Efficient electrolysis makes hydrogen economy look good

Australian technology developed at University of Wollongong and being commercialized by Hysata offers most efficient/cheapest energy conversion to date.

Hysata chief executive officer Paul Barrett and chief technology officer Gerry Swiegers with the company’s capillary-fed electrolysis cell. Photograph: Mark Newsham

by Peter Hannam, 16/03/2022 in The Guardian

Australian researchers claim ‘giant leap’ in technology to produce affordable renewable hydrogen: Morrison government’s hydrogen stretch goal of $2 a kilogram to make the fuel competitive could be reached by 2025, Hysata says.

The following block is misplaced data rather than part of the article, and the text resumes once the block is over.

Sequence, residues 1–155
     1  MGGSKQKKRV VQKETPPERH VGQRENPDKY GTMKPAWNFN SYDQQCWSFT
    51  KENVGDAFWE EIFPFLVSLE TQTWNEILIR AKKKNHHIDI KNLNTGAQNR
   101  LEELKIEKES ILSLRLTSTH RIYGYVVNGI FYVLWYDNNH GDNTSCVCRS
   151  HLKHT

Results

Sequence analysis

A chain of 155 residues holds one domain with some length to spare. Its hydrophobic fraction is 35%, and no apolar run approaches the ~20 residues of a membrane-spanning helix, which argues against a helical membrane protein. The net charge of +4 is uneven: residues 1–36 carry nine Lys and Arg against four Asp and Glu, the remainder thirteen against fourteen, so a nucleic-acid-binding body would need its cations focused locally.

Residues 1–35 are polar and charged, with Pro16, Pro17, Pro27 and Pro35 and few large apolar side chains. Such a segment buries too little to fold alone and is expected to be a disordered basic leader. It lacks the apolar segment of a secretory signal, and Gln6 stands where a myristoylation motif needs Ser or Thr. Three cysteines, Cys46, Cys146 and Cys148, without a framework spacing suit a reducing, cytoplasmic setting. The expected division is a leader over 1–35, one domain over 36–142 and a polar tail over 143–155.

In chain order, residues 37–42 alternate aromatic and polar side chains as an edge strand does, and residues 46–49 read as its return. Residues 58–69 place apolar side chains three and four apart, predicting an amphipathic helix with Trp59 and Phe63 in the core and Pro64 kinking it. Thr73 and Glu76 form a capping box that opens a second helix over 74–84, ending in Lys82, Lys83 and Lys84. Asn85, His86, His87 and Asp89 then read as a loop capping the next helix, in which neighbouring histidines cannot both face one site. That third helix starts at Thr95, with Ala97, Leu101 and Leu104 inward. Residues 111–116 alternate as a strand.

Featured Image: Capillary-fed electrolysis cell – Schematic depiction showing how the bipolar plate and conducting gas diffusion layer in the capillary-fed cell were combined into a single bipolar plate structure that comprised a sheet of Ni with many small holes to allow evolved gases to exit the electrode. The anode electrode was welded to its bipolar plate. The cathode was compressed against its bipolar plate and not welded / Source: A high-performance capillary-fed electrolysis cell promises more cost-competitive renewable hydrogen, by Hodges, et al. 15/02/2022 in Nature Communications..

Views expressed in this post are those of its author(s), not necessarily all Vote Climate One members.